On the Trail with Clayton Van Aken
Clayton Van Aken is a California transplant. Born and raised in Descanso, California, a little town 40 miles southeast of San Diego, he grew up […]
story by Teri Edwards
Tyler Kaess has found what most people search for, and more often than not, never find. A perfect day for Tyler is being horseback roping, and helping others with their roping. He has been able to do that with his roping facility, Hot Shot Equine, located in Surprise, Arizona.
During the winter months many ropers relocate to Arizona for the season to take advantage of the beautiful weather. For this reason, Tyler relocated from Colorado to Arizona to start Hot Shot Equine almost two years ago.
“Winters can be harsh in Colorado. I wanted to be roping, teaching, and training every day. When I saw what happens in Arizona in the winter, I decided to move and build a roping camp,” explains Kaess.
Located eight miles from Surprise, Hot Shot Equine is just far enough from town that patrons will enjoy the peaceful atmosphere, while being centrally located to an abundance of jackpots and events.
The facility features an arena, stalls, and RV hookups. Daily practices are held with both cattle and Heel-O-Matic. Tyler offers lessons and enjoys teaching private clinics and the individualized attention he is able to give.
Tyler started roping at just seven. He feels fortunate to have had access to talented ropers such as his uncle, Brett Trenary, a NFR Qualifier, Jay Ellerman, and Ricky Green.
As a youngster, Tyler competed in Colorado Junior Rodeo Association and high school rodeo. At just 15, he won a Shoot-Out in Oklahoma City, and a check for $38,000. Since then, Tyler has placed at the BFI, and competed in PRCA and amateur rodeos. Before moving to Arizona, he managed an indoor arena and produced ropings. This included a memorial roping in honor of his father and was, at one time, the biggest open roping in the mountain states.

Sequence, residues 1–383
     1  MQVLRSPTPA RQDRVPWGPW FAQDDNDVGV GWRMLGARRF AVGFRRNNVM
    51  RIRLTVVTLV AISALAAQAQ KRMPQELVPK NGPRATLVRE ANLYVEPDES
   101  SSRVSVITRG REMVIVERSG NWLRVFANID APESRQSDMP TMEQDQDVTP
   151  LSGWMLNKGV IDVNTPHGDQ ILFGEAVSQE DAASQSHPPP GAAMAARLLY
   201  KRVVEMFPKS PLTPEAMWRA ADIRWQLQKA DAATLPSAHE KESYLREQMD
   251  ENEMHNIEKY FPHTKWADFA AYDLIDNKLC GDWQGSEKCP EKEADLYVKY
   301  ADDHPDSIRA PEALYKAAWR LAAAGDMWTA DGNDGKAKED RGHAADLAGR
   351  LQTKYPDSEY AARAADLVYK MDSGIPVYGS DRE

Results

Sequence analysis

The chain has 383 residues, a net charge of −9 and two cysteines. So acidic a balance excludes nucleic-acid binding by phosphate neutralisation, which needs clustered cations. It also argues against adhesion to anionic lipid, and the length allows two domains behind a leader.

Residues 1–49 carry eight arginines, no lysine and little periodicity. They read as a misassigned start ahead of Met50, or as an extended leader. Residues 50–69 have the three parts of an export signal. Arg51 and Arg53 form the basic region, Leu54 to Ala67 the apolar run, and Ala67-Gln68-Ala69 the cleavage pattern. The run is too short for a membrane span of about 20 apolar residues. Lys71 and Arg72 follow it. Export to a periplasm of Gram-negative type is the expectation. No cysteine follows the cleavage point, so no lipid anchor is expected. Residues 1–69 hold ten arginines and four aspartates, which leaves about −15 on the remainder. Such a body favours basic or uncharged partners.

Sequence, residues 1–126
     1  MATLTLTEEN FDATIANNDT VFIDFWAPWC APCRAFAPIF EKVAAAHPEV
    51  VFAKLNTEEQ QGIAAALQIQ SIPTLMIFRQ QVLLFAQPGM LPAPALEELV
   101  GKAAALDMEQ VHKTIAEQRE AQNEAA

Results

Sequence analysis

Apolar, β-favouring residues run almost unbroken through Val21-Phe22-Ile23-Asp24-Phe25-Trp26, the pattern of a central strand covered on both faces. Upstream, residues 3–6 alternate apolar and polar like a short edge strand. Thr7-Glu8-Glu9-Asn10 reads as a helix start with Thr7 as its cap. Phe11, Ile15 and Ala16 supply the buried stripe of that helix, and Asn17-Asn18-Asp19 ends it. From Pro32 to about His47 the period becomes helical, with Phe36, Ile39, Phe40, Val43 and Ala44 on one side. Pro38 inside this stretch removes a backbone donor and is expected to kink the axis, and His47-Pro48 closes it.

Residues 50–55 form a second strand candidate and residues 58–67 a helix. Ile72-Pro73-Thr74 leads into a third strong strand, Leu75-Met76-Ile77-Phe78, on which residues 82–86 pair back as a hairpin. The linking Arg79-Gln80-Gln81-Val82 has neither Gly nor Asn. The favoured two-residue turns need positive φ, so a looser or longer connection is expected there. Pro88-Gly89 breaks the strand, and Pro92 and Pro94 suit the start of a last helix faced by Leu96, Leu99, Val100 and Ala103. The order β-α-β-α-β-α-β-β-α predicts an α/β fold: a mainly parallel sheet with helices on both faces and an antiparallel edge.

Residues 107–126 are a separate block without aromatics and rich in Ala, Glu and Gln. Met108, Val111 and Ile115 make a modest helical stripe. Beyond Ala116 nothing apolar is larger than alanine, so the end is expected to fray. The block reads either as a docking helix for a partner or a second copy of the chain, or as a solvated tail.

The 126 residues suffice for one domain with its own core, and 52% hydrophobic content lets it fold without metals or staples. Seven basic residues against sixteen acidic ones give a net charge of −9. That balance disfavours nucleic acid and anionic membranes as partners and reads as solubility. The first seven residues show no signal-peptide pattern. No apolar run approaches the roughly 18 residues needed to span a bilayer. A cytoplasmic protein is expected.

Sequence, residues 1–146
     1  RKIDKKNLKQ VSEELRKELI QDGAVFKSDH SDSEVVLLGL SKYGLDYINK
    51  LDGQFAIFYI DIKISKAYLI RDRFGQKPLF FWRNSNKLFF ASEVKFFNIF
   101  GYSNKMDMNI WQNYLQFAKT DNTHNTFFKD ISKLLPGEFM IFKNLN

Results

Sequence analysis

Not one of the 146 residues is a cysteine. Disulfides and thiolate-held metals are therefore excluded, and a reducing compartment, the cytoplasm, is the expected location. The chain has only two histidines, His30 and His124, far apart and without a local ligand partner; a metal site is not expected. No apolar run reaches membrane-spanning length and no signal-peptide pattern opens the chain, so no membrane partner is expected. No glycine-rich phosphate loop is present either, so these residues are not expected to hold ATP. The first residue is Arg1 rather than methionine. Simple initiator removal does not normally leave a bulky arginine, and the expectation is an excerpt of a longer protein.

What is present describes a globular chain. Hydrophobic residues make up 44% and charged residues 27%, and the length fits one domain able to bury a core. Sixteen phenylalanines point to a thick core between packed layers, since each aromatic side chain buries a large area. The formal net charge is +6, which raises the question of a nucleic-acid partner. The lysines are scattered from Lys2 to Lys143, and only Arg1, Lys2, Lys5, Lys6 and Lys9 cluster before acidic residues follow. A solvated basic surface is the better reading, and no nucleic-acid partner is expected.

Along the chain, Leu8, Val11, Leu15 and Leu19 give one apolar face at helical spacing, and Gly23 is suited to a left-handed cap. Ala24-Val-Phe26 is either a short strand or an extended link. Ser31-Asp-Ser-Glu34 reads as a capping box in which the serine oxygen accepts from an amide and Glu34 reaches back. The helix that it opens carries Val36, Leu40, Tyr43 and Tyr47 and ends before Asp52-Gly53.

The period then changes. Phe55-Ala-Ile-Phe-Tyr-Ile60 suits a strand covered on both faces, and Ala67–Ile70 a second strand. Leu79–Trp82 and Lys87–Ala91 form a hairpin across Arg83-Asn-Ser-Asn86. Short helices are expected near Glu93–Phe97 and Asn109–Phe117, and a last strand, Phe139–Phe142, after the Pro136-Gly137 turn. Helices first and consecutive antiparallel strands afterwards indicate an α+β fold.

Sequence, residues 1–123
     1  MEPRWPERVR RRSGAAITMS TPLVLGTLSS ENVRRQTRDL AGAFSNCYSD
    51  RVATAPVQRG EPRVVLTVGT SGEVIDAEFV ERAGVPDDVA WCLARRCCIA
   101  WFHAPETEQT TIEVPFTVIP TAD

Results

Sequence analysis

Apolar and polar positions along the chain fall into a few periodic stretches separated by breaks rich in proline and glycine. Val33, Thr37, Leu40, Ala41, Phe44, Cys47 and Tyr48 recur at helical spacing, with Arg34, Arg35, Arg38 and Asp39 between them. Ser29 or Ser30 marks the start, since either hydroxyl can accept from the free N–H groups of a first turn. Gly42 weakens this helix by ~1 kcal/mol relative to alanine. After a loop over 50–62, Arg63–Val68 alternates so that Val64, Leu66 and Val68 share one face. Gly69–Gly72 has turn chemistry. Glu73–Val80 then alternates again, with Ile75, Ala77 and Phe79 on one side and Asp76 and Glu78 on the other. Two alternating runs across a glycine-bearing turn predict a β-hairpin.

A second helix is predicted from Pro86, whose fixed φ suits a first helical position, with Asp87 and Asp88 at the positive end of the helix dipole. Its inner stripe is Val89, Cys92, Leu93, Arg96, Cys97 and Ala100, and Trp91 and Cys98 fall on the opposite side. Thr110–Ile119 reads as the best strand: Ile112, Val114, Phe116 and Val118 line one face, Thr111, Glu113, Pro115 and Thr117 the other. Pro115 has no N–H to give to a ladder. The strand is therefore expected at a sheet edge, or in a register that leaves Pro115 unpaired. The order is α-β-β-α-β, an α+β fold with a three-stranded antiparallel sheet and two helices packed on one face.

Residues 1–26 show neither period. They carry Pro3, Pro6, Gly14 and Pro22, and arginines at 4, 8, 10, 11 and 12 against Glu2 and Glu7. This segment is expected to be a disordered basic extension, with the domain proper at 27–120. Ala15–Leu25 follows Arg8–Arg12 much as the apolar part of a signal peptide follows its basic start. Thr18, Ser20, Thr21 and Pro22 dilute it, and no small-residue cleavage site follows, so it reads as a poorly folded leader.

Tyler credits the time he spent with Ricky Green for his passion for teaching.
“I like the whole process of learning, teaching, roping. My method is different than some, but I try to connect with people,” says Kaess. “We all make the same mistakes, it’s just a matter of how many times you make them.”
For more information about reservations, lessons, or horses for sale visit hotshotequine.com.
How much do you practice?
Do you make your own horses?
Who were your roping (rodeo) heroes growing up?
Clay O’Brien Cooper, Shot Branham.
Who do you respect most in the world?
Who has been the biggest influence in your life?
If you had a day off what would you like to do?
It would be fun to get on a horse and rope without having to do all the prep work. Just rope.
What’s the last thing you read?
Performance Psychology in Action
How would you describe yourself in three words?
Laid back, resourceful, passionate
What makes you happy?
Seeing improvement in horses and/or people that I’m working with.
What makes you angry?
People who gossip or mind other people’s business.
If you were given 1 million dollars, how would you spend it?
Pay off my bills and buy some horses to rodeo on.
What is your worst quality? Your best?
My worst quality is I can be lazy at times. My best quality is I’m easy to get along with.
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